For some Democrats, the challenge will be to move outside of the comfort zone when it comes to spending and how the dollars flow. For some Republicans, the challenge will be to move outside of the comfort zone when it comes to taxes and how the dollars flow. For the media, the challenge will be to take the time and energy to elevate the dialogue to educate the public and not merely appeal to the base instinct of public discourse. For some stakeholders, lobbyists and businesses, the challenge will be to see outside of the suffocating confines of self-interest.
As Justice Charles Johnson said in a comment from the bench during oral arguments, perhaps it is time to examine big ideas such as setting expiration dates for tax preferences, funding public education, and welcoming the Legislature to re-pass any tax incentives it chooses once the ‘paramount duty’ has been met.
This is, in effect, an idea many of us have championed with great resolve. It is not the panacea to reforming our state’s problematic tax code, but it is a step towards greater fairness and simplicity. If ever there was a substantive policy case to be made for hitting the ‘refresh’ button on our broader tax code, the Court has done so now.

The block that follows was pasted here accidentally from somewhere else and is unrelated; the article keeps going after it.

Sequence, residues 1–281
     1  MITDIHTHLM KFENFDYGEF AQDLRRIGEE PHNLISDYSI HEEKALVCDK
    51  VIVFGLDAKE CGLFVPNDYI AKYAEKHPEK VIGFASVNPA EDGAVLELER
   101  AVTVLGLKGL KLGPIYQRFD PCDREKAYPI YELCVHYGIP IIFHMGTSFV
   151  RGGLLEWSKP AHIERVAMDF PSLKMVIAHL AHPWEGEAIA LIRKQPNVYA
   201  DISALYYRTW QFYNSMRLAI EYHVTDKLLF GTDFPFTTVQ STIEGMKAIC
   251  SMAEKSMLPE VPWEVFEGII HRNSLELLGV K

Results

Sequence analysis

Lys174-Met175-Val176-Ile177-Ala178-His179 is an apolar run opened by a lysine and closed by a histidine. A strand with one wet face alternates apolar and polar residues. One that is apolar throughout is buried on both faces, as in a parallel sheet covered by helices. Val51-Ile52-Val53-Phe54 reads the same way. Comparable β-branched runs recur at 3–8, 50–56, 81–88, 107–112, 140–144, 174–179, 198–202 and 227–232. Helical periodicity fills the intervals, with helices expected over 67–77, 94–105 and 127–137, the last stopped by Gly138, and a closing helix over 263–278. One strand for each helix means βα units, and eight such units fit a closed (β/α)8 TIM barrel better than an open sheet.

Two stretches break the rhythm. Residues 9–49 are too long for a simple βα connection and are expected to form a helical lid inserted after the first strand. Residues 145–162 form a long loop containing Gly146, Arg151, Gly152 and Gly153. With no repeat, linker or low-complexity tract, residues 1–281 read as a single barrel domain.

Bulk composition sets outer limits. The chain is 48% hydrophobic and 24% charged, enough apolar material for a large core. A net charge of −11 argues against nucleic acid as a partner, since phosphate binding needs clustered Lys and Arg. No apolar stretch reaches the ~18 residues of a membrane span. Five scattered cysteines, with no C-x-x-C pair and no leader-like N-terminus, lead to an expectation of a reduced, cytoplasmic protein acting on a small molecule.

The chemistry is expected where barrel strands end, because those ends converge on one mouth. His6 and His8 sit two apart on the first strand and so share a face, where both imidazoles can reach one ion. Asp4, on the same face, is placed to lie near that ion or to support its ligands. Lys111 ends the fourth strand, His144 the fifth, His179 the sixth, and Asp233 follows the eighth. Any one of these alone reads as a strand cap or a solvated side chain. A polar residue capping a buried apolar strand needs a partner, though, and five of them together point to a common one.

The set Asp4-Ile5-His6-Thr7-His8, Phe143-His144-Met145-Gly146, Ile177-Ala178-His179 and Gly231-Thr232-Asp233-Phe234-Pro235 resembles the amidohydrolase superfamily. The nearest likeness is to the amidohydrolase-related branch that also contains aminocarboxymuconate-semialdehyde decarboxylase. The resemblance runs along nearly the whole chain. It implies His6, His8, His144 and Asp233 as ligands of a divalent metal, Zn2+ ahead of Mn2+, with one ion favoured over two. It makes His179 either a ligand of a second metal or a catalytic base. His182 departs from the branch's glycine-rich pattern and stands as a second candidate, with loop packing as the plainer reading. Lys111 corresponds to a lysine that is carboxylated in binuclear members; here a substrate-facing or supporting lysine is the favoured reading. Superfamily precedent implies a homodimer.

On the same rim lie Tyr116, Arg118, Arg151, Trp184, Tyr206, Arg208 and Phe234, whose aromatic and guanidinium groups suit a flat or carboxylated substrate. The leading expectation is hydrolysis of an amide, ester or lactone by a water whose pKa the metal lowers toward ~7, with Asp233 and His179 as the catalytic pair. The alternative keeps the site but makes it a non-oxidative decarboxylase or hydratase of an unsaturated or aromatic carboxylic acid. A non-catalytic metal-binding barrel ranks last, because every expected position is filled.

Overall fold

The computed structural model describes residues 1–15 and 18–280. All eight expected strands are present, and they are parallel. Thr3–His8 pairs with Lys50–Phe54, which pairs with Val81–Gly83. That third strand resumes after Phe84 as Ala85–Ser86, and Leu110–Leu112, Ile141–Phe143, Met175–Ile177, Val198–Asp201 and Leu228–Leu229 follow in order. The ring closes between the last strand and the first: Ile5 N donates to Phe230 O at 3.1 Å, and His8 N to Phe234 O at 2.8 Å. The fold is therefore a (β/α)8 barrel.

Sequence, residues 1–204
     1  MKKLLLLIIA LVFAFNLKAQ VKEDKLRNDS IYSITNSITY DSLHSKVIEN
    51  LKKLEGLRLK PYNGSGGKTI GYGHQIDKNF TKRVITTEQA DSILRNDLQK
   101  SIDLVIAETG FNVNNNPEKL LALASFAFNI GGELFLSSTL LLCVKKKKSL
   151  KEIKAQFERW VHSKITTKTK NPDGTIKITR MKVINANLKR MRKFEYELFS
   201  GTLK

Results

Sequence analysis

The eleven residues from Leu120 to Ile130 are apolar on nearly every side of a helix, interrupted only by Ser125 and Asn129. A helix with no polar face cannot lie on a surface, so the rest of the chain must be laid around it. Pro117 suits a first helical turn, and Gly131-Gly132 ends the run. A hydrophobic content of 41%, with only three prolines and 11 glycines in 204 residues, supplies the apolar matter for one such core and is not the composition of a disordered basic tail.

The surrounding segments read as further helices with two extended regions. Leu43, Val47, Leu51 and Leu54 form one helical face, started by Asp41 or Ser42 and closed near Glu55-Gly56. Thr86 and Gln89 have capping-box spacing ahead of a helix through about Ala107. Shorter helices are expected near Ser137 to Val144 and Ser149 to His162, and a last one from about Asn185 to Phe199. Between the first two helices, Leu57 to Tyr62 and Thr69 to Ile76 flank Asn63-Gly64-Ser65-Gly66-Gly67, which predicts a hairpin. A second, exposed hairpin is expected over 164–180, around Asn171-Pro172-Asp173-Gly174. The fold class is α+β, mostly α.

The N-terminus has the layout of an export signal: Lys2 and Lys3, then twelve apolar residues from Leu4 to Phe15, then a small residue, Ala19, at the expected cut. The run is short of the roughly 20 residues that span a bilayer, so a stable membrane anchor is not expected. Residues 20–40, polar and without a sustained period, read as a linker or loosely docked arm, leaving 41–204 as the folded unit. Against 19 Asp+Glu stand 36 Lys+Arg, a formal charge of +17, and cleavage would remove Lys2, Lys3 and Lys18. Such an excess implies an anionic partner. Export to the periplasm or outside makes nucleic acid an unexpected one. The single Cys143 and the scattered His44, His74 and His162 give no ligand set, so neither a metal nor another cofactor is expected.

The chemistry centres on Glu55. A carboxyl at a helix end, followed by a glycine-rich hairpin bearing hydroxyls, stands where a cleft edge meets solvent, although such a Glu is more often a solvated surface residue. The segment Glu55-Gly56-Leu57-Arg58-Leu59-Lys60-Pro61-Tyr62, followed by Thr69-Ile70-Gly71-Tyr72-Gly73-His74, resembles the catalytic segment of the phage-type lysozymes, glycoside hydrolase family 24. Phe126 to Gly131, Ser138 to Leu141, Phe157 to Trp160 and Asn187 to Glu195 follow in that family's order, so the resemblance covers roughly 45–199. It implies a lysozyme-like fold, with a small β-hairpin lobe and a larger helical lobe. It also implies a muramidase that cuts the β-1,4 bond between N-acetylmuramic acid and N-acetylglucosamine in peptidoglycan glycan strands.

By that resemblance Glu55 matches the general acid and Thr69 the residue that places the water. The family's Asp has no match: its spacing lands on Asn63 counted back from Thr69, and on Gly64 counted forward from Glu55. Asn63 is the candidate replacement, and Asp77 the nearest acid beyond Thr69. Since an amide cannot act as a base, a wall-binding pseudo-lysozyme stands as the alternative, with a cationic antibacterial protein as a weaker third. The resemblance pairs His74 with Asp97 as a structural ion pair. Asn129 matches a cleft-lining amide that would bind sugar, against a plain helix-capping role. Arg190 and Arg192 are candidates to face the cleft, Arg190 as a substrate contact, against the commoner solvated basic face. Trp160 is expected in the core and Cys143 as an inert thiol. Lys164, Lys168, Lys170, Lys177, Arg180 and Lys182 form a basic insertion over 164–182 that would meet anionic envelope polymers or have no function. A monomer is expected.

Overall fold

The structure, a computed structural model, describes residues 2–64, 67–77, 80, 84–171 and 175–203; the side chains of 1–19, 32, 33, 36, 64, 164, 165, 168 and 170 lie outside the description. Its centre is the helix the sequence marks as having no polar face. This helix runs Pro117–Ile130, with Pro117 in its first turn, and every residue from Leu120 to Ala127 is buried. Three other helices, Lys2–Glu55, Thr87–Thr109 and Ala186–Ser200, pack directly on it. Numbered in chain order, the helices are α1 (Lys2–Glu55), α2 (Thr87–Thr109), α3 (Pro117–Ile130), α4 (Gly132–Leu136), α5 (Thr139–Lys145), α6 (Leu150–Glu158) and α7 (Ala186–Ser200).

We have approximately 650 tax exemptions, preferential rates and credits on the books in Washington. Many work well–either to reduce externalities or unintended consequences of our tax code–and can be easily and justifiable supported, but others are merely special interest carve-outs that would struggle to justify their continued existence if forced to prove their financial return on investment to taxpayers.
Today, the identification of who receives a tax incentive and the financial value of that incentive is public information in only 19 of 650 cases. In a state with a fierce attachment to transparency and public disclose of campaign cash and lobbying activities, doesn’t the public deserve better? How can a person or organization–government, think tank, elected official– make bold and dramatic claims of return on investment efficacy without knowing the truth of who receives how much benefit from tax preferences, or the contextual data of how much taxes are actually paid in such situations?